You know that scene in the romantic comedy where the girl is looking for a guy and goes on date after date with the loser, the geek, the wierdo who can’t make eye contact, the person who cries over dinner, and the girl ends up thinking she is better off alone?
That is what my search for a therapist has been like.
About a year and a half ago, it became evident that I needed a new therapist (long story, I’ll save that for another day). We ended on very good terms, but he moved to another city.
I was in a behavioral health program at that time, and asked for a referral for someone else. They referred me to “Jennifer.” After a short time, it became evident that “Jennifer” and I were not a good match. She was just too much of a case manager, wanting to discuss the logistics of my day. Then, when it came time for my favorite to come to a session, she wanted to be in control, and ended up yelling at me. Loudly. Our meeting ended with me saying that I have problems with emotional regulation and need to see a therapist with more emotional regulation than I have. My fave was at the meeting and declared her “ridiculous and immature.”
Then I solicited names and recommendations from others. Some therapists were not taking new patients. Some were only seeing people at a certain complex.
I bonded with Mary right away, and after our second session, got a phone call that she was taking a long medical leave. (I later found out she had breast cancer.)
Back to the list.
There was the woman who told me she “didn’t believe in the Bi-Polar diagnosis” five minutes after meeting me.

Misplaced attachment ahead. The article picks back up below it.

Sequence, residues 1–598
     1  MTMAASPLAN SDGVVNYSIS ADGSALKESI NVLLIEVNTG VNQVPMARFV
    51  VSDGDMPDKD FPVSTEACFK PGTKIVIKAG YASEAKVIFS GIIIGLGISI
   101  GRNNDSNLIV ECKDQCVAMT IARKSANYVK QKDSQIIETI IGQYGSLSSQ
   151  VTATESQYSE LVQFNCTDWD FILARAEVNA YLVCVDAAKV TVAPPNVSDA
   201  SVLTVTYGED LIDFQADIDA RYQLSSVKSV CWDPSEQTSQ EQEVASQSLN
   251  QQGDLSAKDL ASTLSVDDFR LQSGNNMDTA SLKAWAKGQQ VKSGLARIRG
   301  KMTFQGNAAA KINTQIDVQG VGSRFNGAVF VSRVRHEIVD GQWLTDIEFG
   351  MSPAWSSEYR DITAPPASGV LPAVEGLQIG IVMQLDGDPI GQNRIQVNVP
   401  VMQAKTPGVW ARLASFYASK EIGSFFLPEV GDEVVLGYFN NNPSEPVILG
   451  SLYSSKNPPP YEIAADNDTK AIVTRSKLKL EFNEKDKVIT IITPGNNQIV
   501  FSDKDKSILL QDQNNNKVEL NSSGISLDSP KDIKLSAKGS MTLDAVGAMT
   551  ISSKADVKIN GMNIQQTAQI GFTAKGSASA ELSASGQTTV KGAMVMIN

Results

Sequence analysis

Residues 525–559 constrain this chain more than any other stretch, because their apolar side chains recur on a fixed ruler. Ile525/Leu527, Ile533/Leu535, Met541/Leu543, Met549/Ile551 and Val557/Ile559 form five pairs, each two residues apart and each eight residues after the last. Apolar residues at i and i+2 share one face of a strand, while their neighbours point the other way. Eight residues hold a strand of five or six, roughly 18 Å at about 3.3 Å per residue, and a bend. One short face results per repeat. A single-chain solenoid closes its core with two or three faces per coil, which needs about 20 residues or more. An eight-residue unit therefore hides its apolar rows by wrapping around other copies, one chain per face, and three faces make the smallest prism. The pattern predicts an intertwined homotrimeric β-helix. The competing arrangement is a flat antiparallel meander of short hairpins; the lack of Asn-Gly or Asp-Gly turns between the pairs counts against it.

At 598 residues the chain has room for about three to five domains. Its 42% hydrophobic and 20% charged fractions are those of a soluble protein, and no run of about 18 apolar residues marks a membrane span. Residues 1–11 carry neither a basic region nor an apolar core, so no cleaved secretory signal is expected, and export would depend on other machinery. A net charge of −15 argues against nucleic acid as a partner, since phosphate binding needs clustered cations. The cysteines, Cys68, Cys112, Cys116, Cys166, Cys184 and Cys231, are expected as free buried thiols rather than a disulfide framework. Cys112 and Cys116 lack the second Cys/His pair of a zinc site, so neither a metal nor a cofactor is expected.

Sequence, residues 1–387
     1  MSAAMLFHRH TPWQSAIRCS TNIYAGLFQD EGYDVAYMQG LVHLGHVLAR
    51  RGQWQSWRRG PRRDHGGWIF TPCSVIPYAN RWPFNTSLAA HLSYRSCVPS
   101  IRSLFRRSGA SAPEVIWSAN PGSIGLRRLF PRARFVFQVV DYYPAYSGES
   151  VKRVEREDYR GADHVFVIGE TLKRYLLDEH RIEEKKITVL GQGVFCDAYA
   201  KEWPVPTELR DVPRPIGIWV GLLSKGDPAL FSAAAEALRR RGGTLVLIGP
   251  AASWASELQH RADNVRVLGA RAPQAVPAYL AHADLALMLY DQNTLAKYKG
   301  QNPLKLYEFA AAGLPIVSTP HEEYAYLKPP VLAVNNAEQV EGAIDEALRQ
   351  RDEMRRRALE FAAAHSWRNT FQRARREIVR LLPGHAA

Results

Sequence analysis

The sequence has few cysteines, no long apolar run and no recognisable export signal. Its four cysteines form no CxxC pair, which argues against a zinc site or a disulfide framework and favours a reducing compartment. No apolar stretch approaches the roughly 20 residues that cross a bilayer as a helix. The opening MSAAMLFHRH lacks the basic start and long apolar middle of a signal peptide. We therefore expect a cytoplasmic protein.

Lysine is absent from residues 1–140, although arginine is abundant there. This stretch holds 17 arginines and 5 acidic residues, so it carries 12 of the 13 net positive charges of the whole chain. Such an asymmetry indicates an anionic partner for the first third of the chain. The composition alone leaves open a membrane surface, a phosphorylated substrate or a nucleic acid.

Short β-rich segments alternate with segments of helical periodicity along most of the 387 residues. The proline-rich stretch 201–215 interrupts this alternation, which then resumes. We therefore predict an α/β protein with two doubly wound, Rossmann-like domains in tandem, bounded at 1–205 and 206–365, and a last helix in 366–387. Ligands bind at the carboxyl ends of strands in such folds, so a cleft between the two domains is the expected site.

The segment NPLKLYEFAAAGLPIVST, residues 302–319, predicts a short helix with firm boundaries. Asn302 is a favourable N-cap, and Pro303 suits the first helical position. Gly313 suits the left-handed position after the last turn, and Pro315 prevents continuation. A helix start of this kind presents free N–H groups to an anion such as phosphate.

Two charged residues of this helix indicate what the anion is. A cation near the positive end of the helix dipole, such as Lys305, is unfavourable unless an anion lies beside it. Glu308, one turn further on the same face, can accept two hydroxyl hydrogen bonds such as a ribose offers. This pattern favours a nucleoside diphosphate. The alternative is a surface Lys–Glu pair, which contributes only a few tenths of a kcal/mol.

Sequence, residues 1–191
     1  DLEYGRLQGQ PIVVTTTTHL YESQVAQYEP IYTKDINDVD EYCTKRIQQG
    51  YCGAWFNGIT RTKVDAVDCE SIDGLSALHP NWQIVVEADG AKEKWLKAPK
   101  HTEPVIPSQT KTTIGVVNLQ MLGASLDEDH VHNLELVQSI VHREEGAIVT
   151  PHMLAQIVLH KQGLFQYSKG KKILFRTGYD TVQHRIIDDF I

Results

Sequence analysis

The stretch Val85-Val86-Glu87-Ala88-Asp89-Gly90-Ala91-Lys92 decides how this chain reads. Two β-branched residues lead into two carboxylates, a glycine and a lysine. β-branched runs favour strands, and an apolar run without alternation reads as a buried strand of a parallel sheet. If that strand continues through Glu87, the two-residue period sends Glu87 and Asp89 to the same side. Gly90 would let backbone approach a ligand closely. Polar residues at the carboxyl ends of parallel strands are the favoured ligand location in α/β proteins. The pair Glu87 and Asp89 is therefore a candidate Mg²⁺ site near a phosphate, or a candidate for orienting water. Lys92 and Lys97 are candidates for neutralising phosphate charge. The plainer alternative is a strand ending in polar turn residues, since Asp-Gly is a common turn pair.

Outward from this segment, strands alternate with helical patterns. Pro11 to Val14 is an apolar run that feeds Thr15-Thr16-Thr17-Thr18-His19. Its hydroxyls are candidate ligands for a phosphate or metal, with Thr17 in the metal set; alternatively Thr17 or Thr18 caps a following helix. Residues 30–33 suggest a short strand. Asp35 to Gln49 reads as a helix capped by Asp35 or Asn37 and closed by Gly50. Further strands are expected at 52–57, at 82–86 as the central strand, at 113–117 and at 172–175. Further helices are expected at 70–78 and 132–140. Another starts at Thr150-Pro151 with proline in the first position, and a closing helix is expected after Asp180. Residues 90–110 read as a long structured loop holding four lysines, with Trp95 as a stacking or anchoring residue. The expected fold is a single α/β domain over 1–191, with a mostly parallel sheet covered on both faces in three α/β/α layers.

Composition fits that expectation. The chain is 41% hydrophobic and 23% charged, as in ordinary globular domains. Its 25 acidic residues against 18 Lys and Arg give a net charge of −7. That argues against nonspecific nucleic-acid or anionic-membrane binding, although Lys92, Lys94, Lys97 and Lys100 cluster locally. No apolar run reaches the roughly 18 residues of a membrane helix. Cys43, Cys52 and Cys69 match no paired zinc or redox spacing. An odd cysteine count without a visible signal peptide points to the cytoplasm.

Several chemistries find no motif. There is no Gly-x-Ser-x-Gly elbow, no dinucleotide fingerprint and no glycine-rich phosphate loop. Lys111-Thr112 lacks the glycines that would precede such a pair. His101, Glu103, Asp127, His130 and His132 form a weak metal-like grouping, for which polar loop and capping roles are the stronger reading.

The woman who said, “are you sure you weren’t abused?” “Have you ever thought maybe you were abused?” “Have you ever had a suspicion you were abused?” (Set yourself up for a lawsuit much?)
There was the woman who saw me twice, and during the second meeting she said she had several out-of-town trips planned for the next few months and really wasn’t taking any new patients. (You didn’t know that on the phone?)
Then, the woman who answered her cell phone during our meeting. Twice.
The man who wanted to know what my favorite color was and what that symbolized to me. The man who wanted to describe a scene, and have me fill in details. How is imagery going to help here? What would I say to my five year old self? Avoid wack-a-doo therapists.
The woman who wanted me to draw a picture of what the “scary feelings” looked like. It’s not a monster, and I’m not 5. They are feelings. I’m not drawing them.
I start to think there aren’t any regular therapists out there. I become paranoid that it’s me. I am grateful friends and family tell me it’s not. And grateful some of them witnessed some of this craziness.
So, I finally meet Deb. She seems normal-ish. Combination of Eastern and Western approaches. Believes in meditation and the meaning in things, but grounded enough in the real world to know what works. Always thought she talks a lot for a therapist, but I talk a lot, too, so that’s okay.
And, then I go in for my appointment. To talk about me and the issues weighing on my mind, how they are affecting my life. Instead, I hear that she is divorcing her husband, living with her daughter, on H St–one block over from you!, what kind of dog her daughter has, that her daughter doesn’t take the dog out and he goes to the bathroom in the house, that her husband was having an affair for 11 years (You want to ever give me advice about my marriage?!? I don’t think so, honey.), that she knew about the affair, that her husband wouldn’t get counseling…. It got to a point where I couldn’t respond like a patient anymore because that boundary was so gone. I could only respond like a friend and say “NO!” “Then what?” “What did you do?” Ridiculous.
And I found out–she had lunch with the mistress’s husband. They exchanged paperwork. She found out about the B*LOW JO*B her husband got at the train station on Christmas Eve. Yes, I know about my therapist’s husband’s Christmas present from his mistress.
How can I go back and what do I say?
Oh, my life the movie.